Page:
Williams without exception considers the playwrights sexual prudery as being typical of all Romans tastes which is a dangerous assumption because reading actual Romans graffiti in which ordinary Romans brag about the numerous men and women they have slept with implies that the Romans could not be classified as sexually up tight. Their puns, jokes and pranks suggest a high voltage spiritual but bawdy people who considered every sexual act a blessing from the gods. You would hardly know this from Williams dry historical accounts, weighed down inappropriately as they are with references to contemporary French and American philosophers and social theorists. Their inclusion only makes the reading of his book more laborious. However quotes from actual Romans give fleeting insight into their culture and everyday lives. Such as a prayer to the Roman phallic god Priapus from Julius Agathemerus which asks that the following wishes be fulfilled.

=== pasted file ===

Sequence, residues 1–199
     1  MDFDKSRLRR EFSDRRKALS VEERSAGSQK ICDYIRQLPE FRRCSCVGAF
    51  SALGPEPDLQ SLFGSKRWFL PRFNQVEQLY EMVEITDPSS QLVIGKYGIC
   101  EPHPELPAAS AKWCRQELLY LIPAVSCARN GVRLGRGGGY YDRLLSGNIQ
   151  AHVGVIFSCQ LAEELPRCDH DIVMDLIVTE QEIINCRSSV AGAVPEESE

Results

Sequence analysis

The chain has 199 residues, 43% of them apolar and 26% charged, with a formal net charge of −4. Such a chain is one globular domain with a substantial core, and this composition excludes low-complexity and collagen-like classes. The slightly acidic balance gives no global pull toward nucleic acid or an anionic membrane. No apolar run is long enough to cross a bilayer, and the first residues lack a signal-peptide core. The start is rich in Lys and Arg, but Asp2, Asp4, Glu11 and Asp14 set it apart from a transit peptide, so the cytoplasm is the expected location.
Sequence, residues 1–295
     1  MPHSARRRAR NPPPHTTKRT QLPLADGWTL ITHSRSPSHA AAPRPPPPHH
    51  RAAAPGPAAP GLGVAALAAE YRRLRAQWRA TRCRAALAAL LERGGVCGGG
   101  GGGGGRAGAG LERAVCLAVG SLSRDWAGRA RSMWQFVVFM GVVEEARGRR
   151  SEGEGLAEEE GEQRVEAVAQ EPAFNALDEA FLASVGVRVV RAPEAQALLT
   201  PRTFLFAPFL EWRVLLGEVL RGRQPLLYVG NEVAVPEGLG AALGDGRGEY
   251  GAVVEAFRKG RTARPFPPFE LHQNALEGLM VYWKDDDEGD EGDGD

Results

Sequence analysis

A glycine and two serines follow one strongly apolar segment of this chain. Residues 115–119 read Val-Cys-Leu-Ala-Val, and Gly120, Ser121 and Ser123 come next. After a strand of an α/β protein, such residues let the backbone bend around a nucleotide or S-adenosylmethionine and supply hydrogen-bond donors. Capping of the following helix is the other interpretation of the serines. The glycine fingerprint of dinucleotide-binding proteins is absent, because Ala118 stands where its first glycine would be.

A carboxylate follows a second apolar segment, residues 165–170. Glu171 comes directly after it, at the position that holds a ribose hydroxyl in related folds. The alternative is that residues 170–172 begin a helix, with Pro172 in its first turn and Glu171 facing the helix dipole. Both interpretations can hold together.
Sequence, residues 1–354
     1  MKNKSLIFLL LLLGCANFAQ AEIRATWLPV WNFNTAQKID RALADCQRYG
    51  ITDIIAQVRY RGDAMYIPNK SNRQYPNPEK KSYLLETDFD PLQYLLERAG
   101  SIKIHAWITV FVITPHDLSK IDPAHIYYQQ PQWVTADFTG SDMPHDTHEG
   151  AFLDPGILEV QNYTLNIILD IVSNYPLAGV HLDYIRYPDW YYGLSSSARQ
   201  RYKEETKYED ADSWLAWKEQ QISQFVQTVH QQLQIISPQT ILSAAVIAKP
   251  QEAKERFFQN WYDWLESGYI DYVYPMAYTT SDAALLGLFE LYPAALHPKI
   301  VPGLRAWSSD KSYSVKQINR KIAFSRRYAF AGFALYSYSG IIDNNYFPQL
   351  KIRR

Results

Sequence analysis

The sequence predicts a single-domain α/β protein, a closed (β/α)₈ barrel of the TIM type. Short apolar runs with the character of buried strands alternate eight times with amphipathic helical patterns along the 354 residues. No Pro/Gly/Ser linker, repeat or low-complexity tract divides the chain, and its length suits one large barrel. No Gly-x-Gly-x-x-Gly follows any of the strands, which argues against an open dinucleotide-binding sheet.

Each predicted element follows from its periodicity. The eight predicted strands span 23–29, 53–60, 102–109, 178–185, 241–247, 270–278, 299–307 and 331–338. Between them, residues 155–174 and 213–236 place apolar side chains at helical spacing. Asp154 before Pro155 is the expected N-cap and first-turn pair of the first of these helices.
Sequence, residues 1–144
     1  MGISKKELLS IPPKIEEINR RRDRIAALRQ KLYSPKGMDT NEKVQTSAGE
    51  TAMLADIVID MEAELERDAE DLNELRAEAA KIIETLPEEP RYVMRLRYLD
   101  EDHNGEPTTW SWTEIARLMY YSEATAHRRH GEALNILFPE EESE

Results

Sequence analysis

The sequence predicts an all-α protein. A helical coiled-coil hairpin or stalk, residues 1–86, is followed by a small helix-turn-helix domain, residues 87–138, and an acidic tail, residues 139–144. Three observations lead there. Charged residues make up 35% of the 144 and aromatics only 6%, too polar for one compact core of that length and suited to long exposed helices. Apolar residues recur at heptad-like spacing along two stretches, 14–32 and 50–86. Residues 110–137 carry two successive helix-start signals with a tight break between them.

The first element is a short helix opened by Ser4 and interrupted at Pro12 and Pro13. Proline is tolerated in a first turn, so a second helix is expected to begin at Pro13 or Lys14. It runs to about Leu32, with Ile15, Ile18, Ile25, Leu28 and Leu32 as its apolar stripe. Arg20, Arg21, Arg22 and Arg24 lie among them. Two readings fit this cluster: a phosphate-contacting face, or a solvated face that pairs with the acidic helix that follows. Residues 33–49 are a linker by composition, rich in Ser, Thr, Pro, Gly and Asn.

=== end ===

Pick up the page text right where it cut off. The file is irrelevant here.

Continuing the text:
"Grant me a flowering youth: grant that I may please good boys and girls with my naughty penis, and that with frequent fun and games I may chase away the worries that harm the soul, and that I may not fear old age too much" (Cil 14, 3565,2-7)
Who could not identify with this lament so universal is its longing to starve of the loneliness of old age? The most striking thing about Roman culture is that unlike the Greeks the Romans had no terms for gender specific sexuality. There were no homosexuals or heterosexuals only sexuality in Rome and it was craved constantly. ON this matter Williams selects extracts from Roman playwrights and poets that were openly critical of promiscuous men and women, who they termed lewd and greedy. However laws restraining adulterous conduct tended to fall on deaf ears. The average Roman parent when seeking a personal tutor for their beautiful son had to take into consideration the risk of his being seduced by his teacher. The parents themselves had access to both male and female slaves and freeborn lovers some of whom were notorious lesbians, concubines and male prostitutes.